Australian fighter jets will bomb Isis targets in northern Iraq within days after the Government approved air strikes as part of the US-led military coalition.
Six F/A-18F Super Hornet jets add to the country’s contribution of air force planes for surveillance, communication and refuelling.
Tony Abbott’s announcement of military involvement on Friday had been widely anticipated since the Super Hornets were deployed to a base in the United Arab Emirates two weeks ago.
It followed Barack Obama’s request for support in the fight against the extremist militants who are waging a bloody war in Iraq and Syria to establish a hardline Islamic caliphate.
Mr Abbott, the Australian Prime Minister, warned that action in Iraq could be “quite lengthy” and certainly in “months rather than weeks”.
“Yes, it is a combat deployment, but it is an essentially humanitarian mission to protect the people of Iraq and ultimately the people of Australia from the murderous rage of the Isil [Isis] death cult,” he added.
“Isil must be disrupted and degraded at home and abroad, so it is absolutely in Australia's national interests that this mission goes ahead.”
Despite his rhetoric, echoing President Obama’s vow to “degrade and destroy” the terrorists, he admitted total victory over Isis would be difficult to achieve.
“If we could degrade them to the point where they no longer existed, that would be obviously the best possible result,” he said. “It is very difficult to eliminate an idea.”
A poll of almost 7,000 people by the Sydney Morning Herald found a narrow margin of support for the intervention among Australians.
About 49 per cent of voters backed air strikes, while 42 per cent were against it and the remainder were unsure.
The news came hours after David Cameron announced that two more British Tornadoes will be deployed in Cyprus to join missions against Isis in Iraq, bringing the total to eight.
The Prime Minister said the additional fighter jets would “keep up the tempo” of air strikes and save lives in Iraq.
Australia’s Air Chief Marshal, Mark Binskin, said the air strikes would start “over the coming days” but did not give specifics.
The intervention was approved by Australia’s National Security Committee following an official request from the Iraqi Government overnight.
Two Australian Air Force planes - an E-7A Wedgetail surveillance and communications jet and a KC-30A refuelling plane - joined operations over Iraq from the al-Minhad Air Base outside Dubai for the first time on Wednesday to support strikes by other nations.
Britain at War: Opinions on the ground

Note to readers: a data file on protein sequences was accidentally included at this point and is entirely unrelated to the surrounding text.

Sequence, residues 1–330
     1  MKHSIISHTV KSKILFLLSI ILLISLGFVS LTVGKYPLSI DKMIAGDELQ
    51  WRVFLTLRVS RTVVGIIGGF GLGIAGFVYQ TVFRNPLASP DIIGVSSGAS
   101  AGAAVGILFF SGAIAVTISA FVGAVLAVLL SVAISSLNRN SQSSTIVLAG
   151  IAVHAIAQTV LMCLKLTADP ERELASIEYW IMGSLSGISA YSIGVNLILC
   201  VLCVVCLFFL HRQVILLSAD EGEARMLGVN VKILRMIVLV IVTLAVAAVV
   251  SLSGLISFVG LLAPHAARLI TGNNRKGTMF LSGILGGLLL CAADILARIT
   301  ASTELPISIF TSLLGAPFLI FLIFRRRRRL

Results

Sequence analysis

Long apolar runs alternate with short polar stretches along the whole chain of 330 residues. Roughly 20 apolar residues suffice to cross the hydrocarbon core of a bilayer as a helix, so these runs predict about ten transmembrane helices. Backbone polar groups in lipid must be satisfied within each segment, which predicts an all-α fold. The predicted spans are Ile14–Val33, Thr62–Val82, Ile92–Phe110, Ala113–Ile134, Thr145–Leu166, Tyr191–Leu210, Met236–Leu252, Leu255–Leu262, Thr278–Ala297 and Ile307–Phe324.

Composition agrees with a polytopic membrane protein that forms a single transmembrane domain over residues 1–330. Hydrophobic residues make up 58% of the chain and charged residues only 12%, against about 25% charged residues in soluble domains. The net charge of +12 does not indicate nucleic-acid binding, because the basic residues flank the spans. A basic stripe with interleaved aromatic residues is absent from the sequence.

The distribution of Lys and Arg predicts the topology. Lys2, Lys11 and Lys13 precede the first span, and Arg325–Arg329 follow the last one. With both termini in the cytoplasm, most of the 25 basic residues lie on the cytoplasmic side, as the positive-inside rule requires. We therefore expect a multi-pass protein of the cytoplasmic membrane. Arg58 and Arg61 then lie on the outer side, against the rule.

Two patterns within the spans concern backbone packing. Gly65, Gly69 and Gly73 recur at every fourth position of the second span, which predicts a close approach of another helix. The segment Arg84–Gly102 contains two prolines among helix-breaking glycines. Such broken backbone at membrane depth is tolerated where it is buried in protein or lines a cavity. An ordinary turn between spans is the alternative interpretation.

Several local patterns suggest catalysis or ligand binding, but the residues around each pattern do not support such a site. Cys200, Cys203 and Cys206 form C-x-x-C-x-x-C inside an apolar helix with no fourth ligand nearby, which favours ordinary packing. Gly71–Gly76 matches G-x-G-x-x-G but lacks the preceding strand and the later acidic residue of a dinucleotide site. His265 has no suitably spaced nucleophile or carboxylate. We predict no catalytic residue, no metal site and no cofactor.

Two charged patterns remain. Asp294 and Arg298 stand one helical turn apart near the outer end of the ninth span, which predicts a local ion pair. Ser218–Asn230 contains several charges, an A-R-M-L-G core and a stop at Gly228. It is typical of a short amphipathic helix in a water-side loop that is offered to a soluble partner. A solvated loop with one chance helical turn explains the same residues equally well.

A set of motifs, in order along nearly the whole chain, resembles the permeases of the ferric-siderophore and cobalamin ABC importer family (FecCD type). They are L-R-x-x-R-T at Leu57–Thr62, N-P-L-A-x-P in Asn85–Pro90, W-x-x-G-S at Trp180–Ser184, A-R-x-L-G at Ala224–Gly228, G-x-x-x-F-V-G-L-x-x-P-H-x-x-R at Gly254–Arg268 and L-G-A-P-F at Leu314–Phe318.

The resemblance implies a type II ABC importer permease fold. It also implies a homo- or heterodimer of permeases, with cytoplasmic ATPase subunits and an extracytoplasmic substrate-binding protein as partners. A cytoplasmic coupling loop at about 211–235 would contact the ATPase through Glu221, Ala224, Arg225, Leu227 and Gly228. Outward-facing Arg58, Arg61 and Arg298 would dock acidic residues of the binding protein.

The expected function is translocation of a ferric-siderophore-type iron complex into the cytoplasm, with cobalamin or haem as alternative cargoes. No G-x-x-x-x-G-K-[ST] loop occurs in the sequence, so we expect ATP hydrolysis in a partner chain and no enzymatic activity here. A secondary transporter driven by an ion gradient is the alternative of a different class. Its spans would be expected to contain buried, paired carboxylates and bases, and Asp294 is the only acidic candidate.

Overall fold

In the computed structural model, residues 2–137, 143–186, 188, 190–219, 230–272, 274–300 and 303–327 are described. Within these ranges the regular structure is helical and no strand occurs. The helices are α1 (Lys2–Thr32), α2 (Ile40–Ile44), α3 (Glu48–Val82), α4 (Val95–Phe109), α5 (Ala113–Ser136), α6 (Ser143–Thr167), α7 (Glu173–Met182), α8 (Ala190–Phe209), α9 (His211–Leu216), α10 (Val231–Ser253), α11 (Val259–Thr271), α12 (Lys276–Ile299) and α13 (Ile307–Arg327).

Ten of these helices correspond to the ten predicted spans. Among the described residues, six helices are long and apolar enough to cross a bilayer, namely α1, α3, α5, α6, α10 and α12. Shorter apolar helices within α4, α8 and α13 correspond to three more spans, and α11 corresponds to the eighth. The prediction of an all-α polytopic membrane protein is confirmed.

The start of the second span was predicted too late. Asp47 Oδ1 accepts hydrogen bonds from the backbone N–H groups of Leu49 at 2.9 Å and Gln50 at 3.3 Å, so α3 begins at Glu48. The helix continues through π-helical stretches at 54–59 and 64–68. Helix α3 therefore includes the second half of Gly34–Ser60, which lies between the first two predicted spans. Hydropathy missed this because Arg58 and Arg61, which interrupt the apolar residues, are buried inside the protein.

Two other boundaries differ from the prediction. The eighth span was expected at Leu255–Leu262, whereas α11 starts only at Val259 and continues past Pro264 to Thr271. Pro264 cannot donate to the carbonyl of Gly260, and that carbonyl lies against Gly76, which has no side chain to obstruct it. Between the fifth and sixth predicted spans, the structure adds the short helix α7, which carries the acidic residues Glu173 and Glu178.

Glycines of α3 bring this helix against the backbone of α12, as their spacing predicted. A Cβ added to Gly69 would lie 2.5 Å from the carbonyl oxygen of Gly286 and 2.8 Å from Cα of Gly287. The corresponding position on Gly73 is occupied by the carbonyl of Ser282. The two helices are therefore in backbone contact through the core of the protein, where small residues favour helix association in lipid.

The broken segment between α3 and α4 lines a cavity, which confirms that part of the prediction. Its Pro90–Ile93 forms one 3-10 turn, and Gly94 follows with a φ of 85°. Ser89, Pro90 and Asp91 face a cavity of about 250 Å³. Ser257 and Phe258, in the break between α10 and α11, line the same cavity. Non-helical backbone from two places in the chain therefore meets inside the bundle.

Britain at War: Opinions on the ground
1/8 CAROLINE LUCAS Green Party MP for Brighton Pavillion
“Whatever we decide people will die. Be it directly at the hands of ISIL, whose barbarity seems to know no limits. Or when they are hit by bombs dropped by the US, France or the UK.”
2/8 DR ANDREW WHITE Chaplain of St George’s Anglican Church in Baghdad
“Isis is an evil, evil force – the only way to control these bigots is to further put at risk Iraqi people.”
3/8 DR NAFEEZ AHMED Executive director of the Institute for Policy Research & Development
“We might win some short term battles but we will create more grievances that will empower the IS cause in the long run.”
4/8 DAVID DAVIS Former shadow Home Secretary
“The moral case is clear, the practical case is not - what do we do when we stop bombing?”
5/8 GENERAL JAMES CONWAY Retired US Marine
“I don’t think President Obama’s plan has a snowball’s chance in hell of succeeding.”
6/8 NADIM ZAHAWI Baghdad born Conservative MP
“We need to learn that we can’t do nation-building, it has to be up to the local community to decide who they want to govern themselves.”
7/8 RICHARD WILLIAMS Former commanding officer of the SAS
“Friday’s debate lacked any meaningful reference to the political solution that must be considered in Iraq if these bombs are to mean anything.”
8/8 CHRIS DOYLE Director of Council for Arab-British Understanding
“The bigger issue is to actually help Syria, but if you just want to defeat IS then you lose sight of that overall goal.”
The number of Super Hornets could soon be increased to eight, joining a 200-strong ground force, including special forces, and 400 Air Force personnel from Australia.
Mr Abbott has restricted combat operations and has ruled out Australian troops fighting on the ground.
Australia is one of dozens of countries from Europe, the Middle East and North America that joined the US-led military coalition fighting Isis.Reuse content